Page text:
How to... demonstrate professional achievement through publication Part: 2

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How to... demonstrate professional achievement through publication

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Case study guide

Why publish?

We acknowledge that writing for publication may seem an unfamiliar task for many practitioners; that publication is not in the remit of your job description, and therefore may seem much less important than day-to-day responsibilities such as keeping up with your targets and the inevitable "firefighting". However, the very fact that you're reading this demonstrates not only a desire to go that extra mile in your job, but also the potential commitment to undertake the task of writing a paper for publication. Possible reasons motivating a practitioner to write a paper – some you might relate to – include:

  • Internal and external recognition: you may have done something interesting that has made a difference, or your company/organization has something worthwhile to say, such as a new initiative which could be communicated as part of a case study. If this is the case, publishing will get your company or organization noticed.
  • Esteem: publishing will bring recognition of the part you played in improving or changing practice within an organization.
  • Career progression and personal development: a published paper looks good on a CV, even if you are not expected to publish. This extra accreditation will give you an edge in a very competitive job market. Publishing will also help get you noticed among your peers and provide valuable networking opportunities:
    "The value for practitioners is having a link from a credible source like Emerald. By having a page where you feature your author that says 'this is Mary Adams, this is her business' and a link to my site, it begins to create a community and identity for the author" (Mary Adams).
  • Sharing knowledge and experience: publishing will provide a good means of sharing your opinions and experiences with colleagues and peers worldwide. The very act of writing a paper will also provide an opportunity to commit yourself to an idea and explore its development at a critical stage through your research.

From our own surveying of practitioner authors, we have been able to gauge an understanding of the importance of each motivation as a determinant towards writing a paper specifically for publication. For instance, in our survey of over 2,000 practitioner authors, we have found the following results to the question, "What best describes your motivation for writing and submitting papers?":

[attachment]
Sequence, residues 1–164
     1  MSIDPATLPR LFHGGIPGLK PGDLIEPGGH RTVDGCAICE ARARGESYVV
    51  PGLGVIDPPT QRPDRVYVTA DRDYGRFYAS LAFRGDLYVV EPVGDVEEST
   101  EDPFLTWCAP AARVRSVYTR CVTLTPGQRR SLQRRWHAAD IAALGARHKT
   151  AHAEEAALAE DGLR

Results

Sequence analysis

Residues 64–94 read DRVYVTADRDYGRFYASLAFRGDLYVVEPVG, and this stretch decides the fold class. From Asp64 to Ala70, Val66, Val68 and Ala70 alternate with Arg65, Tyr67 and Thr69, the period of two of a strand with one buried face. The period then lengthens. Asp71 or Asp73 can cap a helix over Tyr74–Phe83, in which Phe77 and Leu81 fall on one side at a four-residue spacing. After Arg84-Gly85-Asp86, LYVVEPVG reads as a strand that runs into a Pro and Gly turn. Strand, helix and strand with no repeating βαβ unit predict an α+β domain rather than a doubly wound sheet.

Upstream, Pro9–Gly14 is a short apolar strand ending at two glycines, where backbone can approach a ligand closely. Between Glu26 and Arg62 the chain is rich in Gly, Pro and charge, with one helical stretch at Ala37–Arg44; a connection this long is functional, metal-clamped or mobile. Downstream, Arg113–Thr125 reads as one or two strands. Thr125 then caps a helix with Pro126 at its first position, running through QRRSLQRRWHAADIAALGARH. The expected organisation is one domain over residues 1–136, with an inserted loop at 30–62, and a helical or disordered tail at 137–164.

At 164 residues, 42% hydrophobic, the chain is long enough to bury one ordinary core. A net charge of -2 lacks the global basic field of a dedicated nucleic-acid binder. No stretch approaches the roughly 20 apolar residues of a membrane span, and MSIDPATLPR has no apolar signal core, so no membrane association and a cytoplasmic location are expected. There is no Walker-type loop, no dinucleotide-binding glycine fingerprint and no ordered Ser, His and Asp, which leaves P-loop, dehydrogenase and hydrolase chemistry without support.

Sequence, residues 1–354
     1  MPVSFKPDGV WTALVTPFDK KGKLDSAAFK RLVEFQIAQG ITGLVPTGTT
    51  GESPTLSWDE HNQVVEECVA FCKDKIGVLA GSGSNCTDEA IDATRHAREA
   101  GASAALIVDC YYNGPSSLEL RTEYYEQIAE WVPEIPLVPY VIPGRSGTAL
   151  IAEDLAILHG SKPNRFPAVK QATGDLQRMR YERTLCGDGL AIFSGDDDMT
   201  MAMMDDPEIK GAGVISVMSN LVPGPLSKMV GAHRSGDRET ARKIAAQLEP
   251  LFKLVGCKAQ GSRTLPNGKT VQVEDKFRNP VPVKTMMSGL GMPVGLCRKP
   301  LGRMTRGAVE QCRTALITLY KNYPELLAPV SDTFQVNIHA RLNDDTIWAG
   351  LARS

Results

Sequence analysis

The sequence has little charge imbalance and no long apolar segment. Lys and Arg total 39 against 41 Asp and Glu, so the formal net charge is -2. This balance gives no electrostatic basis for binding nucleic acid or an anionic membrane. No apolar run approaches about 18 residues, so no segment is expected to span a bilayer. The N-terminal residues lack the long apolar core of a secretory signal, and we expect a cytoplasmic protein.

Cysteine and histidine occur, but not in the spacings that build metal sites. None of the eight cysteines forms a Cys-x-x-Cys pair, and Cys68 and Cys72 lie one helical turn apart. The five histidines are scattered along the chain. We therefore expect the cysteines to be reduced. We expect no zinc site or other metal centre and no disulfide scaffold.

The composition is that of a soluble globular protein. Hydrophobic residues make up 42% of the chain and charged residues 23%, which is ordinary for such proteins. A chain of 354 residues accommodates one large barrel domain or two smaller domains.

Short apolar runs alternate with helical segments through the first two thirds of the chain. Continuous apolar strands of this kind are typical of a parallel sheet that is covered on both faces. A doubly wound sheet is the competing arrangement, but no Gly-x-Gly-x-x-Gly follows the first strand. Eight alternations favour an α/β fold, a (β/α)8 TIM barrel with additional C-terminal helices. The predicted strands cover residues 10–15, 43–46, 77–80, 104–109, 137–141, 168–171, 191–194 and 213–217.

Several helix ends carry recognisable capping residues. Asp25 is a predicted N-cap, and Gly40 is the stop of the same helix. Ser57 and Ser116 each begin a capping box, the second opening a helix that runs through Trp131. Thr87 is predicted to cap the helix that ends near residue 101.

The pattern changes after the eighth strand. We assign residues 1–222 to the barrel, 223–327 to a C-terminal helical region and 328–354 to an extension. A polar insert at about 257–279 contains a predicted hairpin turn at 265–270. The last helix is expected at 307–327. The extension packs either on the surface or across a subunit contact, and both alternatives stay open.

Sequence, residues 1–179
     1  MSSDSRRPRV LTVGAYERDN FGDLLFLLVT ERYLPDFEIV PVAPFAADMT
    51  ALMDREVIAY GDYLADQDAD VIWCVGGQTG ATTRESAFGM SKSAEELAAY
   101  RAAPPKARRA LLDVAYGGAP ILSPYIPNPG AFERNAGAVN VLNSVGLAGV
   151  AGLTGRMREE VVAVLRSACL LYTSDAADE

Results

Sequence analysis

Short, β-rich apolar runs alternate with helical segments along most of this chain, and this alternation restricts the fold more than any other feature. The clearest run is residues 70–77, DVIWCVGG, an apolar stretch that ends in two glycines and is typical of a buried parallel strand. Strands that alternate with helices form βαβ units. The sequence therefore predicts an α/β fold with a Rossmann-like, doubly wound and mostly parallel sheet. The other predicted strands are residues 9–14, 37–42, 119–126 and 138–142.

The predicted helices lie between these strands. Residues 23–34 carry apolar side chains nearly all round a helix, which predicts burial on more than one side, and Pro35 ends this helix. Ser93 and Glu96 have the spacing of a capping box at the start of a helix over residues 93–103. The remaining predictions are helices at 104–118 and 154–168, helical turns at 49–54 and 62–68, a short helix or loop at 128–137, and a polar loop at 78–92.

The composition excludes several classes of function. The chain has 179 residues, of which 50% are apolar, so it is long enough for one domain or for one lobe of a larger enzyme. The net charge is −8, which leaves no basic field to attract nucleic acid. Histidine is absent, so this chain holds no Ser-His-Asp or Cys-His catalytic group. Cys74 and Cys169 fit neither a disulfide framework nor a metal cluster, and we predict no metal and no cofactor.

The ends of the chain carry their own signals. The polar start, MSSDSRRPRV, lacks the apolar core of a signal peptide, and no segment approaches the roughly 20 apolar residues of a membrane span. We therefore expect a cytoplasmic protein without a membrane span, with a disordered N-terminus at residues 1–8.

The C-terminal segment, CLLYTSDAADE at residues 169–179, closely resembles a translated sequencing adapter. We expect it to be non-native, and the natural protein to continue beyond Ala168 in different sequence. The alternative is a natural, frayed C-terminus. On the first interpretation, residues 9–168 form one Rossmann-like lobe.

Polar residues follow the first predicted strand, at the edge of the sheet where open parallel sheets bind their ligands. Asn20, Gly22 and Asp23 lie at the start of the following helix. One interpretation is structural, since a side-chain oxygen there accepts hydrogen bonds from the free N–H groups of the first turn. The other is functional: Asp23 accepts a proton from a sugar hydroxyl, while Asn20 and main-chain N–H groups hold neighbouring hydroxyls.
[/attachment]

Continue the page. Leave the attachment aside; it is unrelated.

Figure 1. Graph depicting authors' motivation for writing and submitting papers.

  • 85 per cent identified esteem as a main driver.
  • 80 per cent identified career progression and personal development.
  • 70 per cent answered sharing knowledge and experience.
  • 50.2 per cent answered internal and external recognition.

What paper?

The question of what paper to write can be a difficult one, and often dependent on the scope and depth of the research being conducted. Academics will tend to write research papers, primarily because this format best fits their own objectives regarding depth of analysis. However, producing a lengthy research paper, including the research behind it and writing of it, is not a feasible option for a practitioner author who also has additional day-to-day requirements.

From a research survey of practitioner authors, where they were asked, "What type of papers are you/would you be most inclined to submit?", the following answers were given:

Figure 2. Pie chart depicting the type of papers authors are most inclined to submit.

In addition to the survey of practitioner authors, we also took the opportunity to survey a large number of editors of Emerald-published journals, who gave the following responses to the question, "What type/format of papers are best received from the corporate and public sectors?":

Figure 3. Pie chart depicting type/format of papers best received from the corporate and public sectors.

Of those editors who responded, 82 per cent registered an interest in engineering greater network links with practitioner authors, while nearly all agreed that content written by practitioners is perceived as valuable to both current and prospective readers. Case studies, in particular, especially when written by practitioners working within the area of enquiry, were singled out as being of high demand by most editors.

What is a case study?